Though Tri Angle's discography is diverse and complex, most of its artists are currently working on their second albums. It's an exciting time for the label, the beginning of a new chapter. Carolan, with characteristic vagueness, describes both Holy Other and The Haxan Cloak's current projects as "huge sounding." But as he also points out, "you have to have those things, the strange, unknowable, icky things to think about."

When he was younger, Carolan would collect stamps and candy wrappers and bird eggs (already hatched)—anything that could be catalogued and obsessed over. It's this impulse that continues to propel Tri Angle's tight curation, the "secret narrative" that operates under the hood. The collection is not a closed system, and each new object re-constellates the catalogue with new shades of meaning. What keeps Tri Angle going is the existence of these new sounds and mutations—out there somewhere, forming on the horizon. As Carolan puts it, "If ever I'm feeling really shitty and I'm like I want to quit Tri Angle, then I'm like, well, no I can't do that. Because if I do, I'll miss out on this really amazing new record."

This is perhaps most obvious in the movement of Vessel away from the atmospheric, gauzy set pieces that mark his first album and into the mechanical jungle of Punish, Honey, where tracks seem to build themselves outwards rhythmically like teeth grinding gravel, throbbing bass-lines slathered over blunt kick drums-to-the-face and melodies played from assorted scrap metal.

Tri Angle's Lotic

Meanwhile, Lotic's Heterocetera embraces a brash, confrontational techno that welds biomechanical rhythms with microwaved hisses, to the effect of pushing raw beef through a cheese grater. References to pop here are divorced from conventional structure and shoved into the mash. Where layers of sound in Tri Angle's early productions often melded together in an abstracted, inchoate sensibility, the textures here seem stapled together in a way designed to pierce skin.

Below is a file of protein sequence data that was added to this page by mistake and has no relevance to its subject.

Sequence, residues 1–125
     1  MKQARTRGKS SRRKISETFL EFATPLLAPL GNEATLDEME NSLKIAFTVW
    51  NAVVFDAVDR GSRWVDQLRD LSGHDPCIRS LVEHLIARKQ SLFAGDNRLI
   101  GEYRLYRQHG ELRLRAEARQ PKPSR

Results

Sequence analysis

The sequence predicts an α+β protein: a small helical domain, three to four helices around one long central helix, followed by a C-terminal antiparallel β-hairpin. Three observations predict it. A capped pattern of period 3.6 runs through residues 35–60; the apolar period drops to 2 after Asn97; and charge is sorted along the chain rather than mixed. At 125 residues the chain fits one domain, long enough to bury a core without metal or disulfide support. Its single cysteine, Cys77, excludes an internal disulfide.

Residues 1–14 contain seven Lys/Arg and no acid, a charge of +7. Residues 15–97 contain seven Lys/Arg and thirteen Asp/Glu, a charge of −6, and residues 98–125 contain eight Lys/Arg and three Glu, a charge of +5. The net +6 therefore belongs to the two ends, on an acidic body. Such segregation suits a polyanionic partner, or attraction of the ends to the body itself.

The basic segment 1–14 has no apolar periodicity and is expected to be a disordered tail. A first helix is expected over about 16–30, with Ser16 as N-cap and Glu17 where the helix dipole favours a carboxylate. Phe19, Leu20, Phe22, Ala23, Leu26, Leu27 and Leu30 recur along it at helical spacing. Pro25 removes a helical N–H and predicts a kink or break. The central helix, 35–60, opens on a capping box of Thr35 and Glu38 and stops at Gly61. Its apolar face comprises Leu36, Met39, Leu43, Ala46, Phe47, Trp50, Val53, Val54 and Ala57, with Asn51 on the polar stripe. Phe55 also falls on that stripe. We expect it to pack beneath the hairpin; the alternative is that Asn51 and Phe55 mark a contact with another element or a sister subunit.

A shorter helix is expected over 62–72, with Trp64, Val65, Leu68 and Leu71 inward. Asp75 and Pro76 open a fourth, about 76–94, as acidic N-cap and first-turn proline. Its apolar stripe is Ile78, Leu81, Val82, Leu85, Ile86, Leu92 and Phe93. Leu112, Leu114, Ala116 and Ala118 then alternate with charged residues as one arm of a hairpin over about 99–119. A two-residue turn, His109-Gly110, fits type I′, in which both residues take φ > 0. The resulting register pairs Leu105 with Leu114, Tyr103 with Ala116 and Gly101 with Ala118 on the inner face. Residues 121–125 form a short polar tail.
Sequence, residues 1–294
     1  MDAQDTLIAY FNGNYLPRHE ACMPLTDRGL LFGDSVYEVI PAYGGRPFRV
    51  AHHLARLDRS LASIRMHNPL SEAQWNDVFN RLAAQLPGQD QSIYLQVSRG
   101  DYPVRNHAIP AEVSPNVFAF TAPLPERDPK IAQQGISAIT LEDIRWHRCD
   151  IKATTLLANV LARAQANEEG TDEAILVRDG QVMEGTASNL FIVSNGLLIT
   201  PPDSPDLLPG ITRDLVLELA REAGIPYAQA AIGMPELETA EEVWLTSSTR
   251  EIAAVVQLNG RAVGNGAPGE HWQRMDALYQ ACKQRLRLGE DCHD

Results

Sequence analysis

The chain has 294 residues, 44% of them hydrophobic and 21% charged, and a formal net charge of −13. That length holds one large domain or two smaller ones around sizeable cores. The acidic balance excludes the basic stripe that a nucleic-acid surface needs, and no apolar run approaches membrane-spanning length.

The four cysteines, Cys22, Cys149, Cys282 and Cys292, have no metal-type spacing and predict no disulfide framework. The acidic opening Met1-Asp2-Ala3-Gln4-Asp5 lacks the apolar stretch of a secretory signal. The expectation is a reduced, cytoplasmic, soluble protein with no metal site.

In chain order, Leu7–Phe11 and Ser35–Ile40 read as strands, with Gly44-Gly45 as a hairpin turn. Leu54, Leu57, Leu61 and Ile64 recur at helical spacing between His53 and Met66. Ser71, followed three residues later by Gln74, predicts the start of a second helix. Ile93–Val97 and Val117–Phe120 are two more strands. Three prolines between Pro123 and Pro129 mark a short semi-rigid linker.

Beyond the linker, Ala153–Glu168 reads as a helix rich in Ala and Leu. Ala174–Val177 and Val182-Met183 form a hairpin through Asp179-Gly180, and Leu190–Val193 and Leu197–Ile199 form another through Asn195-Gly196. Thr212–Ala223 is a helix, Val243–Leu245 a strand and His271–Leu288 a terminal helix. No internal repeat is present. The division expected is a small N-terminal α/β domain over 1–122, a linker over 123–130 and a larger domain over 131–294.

A producer I spoke to sets Tri Angle at the top of the pyramid comprised of similar labels like Uno and Hippos in Tanks. There's a sense that if you're with Tri Angle, you cast wider nets, you get heard. Evian Christ produced "I'm In It" on Kanye's Yeezus because someone at GOOD music was up on on Tri Angle when his mixtape Kings and Them came out. The Haxan Cloak worked as a producer on Björk's Vulnicura, and Clams Casino even soundtracked a ballet.

Read: "Why Does Everyone Hate the Björk Retrospective at MoMA?"

Though Tri Angle's discography is diverse and complex, most of its artists are currently working on their second albums. It's an exciting time for the label, the beginning of a new chapter. Carolan, with characteristic vagueness, describes both Holy Other and The Haxan Cloak's current projects as "huge sounding." But as he also points out, "you have to have those things, the strange, unknowable, icky things to think about."

When he was younger, Carolan would collect stamps and candy wrappers and bird eggs (already hatched)—anything that could be catalogued and obsessed over. It's this impulse that continues to propel Tri Angle's tight curation, the "secret narrative" that operates under the hood. The collection is not a closed system, and each new object re-constellates the catalogue with new shades of meaning. What keeps Tri Angle going is the existence of these new sounds and mutations—out there somewhere, forming on the horizon. As Carolan puts it, "If ever I'm feeling really shitty and I'm like I want to quit Tri Angle, then I'm like, well, no I can't do that. Because if I do, I'll miss out on this really amazing new record."